How MajesticSEO Metrics Predict Penguin Vulnerability

Posted By on Oct 10, 2013 | 2 comments




Hopefully by now you have heard of Remove’ems latest innovation Penguin Analysis. Many folks in the SEO world have been asking what factors used in our machine learned algorithm appear to have the greatest impact over Penguin vulnerability and how we collect those factors for our innovative Penguin Vulnerability Score. While most of the raw data is available over at Open Penguin Data, we definitely have a few other tricks up our sleeves.

However, today I want to talk specifically about some of the factors that we were able to build using data from MajesticSEO’s site explorer and, in particular, their amazing API. We grabbed millions of data points from Majestic SEO and crunched them into little 1s and 0s representing the triggers behind the Penguin algorithm. So, let’s get to it. What factors from MajesticSEO’s data appears to have the biggest impact on the Penguin Vulnerability Score…

Domain Trust Flow

This one was shocking to say the least. Both MajesticSEO and Moz give us excellent metrics related to trust, but the single metric without any derivation that had the greatest impact of the trust rankings was MajesticSEO’s Domain Trust Flow. (To be fair, a derived ranking of MozTrust less than MozRank was slightly more predictive, but is not a single metric in itself).

domain-trust-flow

Majestic SEO provides a great tutorial on what their Trust and Citation flow metrics are exactly. For our machine learning project, we needed to compact this value into 1s and 0s rather than a sliding scale. Subsequently, we built a metric called “Domain Trust Flow 1+ Standard Deviations Below the Mean”. Simply put, if a URL had Domain Trust Flow at the bottom 1/3 of all the links we analyzed, it would receive a 1. If it was above that, the URL would receive a 0. Using this methodology, we could highlight domains that performed particularly poorly on trust metrics.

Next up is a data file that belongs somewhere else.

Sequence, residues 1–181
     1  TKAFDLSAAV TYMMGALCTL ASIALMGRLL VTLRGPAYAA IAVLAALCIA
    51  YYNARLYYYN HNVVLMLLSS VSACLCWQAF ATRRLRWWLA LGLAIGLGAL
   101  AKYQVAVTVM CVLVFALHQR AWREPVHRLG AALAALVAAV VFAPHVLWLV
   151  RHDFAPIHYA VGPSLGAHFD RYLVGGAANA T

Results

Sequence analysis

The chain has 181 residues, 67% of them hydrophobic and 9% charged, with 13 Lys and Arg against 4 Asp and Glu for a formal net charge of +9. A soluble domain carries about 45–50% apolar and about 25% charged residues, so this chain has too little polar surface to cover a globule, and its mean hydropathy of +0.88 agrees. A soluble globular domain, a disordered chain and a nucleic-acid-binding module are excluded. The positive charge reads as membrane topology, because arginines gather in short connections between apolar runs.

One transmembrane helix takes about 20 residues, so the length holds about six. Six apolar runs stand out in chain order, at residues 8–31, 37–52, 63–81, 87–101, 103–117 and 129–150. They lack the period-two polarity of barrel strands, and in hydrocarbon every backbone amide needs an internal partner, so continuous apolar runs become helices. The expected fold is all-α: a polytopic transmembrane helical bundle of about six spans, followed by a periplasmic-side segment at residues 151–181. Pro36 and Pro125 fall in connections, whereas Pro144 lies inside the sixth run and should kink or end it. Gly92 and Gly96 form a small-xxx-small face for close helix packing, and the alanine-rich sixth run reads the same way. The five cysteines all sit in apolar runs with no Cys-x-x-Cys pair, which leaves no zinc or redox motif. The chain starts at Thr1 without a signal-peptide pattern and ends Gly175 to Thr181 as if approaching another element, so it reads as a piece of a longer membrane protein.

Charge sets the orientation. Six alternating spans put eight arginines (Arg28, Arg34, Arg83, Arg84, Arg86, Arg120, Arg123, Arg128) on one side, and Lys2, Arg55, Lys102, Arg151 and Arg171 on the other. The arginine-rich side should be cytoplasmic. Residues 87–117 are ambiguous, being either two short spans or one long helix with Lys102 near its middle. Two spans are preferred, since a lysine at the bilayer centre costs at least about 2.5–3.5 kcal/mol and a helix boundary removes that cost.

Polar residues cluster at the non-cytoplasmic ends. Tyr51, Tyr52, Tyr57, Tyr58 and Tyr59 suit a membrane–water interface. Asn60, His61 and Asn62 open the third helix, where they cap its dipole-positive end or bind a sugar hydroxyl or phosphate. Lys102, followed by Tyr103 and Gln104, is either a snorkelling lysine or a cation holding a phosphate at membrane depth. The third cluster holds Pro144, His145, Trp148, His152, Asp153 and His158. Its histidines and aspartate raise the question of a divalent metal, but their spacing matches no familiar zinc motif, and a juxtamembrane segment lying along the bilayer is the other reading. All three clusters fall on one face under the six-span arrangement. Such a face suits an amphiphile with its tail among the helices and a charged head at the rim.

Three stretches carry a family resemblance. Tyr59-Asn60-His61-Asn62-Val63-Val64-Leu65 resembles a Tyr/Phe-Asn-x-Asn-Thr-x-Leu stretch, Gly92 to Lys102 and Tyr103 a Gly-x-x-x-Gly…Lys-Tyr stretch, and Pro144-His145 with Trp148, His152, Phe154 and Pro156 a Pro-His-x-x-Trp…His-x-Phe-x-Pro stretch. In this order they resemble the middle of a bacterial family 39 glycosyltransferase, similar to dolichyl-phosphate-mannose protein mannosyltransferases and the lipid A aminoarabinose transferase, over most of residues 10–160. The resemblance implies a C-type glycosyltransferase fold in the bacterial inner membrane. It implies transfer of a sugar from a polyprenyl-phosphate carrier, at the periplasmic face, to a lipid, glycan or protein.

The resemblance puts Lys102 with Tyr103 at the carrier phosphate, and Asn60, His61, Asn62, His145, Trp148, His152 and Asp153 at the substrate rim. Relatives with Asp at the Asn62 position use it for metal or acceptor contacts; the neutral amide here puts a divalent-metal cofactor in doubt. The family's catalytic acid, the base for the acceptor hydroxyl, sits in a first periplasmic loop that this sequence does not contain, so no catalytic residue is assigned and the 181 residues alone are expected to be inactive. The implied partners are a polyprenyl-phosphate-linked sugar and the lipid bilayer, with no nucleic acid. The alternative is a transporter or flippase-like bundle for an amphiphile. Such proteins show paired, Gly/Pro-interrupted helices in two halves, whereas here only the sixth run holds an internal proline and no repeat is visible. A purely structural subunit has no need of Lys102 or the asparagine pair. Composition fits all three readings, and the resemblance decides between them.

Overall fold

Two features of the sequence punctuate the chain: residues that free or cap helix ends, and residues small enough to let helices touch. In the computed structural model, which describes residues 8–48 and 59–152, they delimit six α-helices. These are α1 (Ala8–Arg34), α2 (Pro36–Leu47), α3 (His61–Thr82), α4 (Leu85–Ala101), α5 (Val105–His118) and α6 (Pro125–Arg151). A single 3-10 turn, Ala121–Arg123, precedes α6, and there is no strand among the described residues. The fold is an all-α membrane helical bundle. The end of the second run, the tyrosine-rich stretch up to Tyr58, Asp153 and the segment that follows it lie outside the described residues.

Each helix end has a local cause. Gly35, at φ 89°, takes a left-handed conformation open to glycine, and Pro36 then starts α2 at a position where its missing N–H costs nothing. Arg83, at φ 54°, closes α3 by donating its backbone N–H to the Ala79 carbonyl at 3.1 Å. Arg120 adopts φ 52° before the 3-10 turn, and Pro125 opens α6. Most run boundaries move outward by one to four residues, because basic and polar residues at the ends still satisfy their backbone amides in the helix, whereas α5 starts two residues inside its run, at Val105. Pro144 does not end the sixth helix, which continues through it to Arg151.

Now, it is very important to point out that we are not saying that these metrics cause a Penguin penalty. Rather, they simply help us predict those that have characteristics similar to sites regularly impacted by Penguin. Whatever the factors are that improve ones Domain Trust Flow are the ones you need to target, not the metric itself. Google isn’t consuming MajesticSEO’s API to determine which pages to penalize. However, if you have a low Domain Trust Flow, you better be on the watch out.

No Government Links to Domain

MajesticSEO’s API provides quick and ready access to a number of link metrics, one of which is links from .gov domains. The lack of .gov links was more than twice as predictive of a Penguin penalty than the lack of .edu links. This seems to be a pretty fair assessment, as getting .gov links is sufficiently harder than getting .edu links. Of course, it is important to recognize that having .gov links is not necessarily an inoculation against Penguin, but having content and a site that earns .gov links likely is. So don’t just go out trying to spam .gov sites for links. Create a site that deserves them, and work on outreach that helps reel them in.

The no government links does not appear to be influential at the URL level. It is far too sparse a data point (ie: too few URLs have any GOV links) to be an effective categorization metric.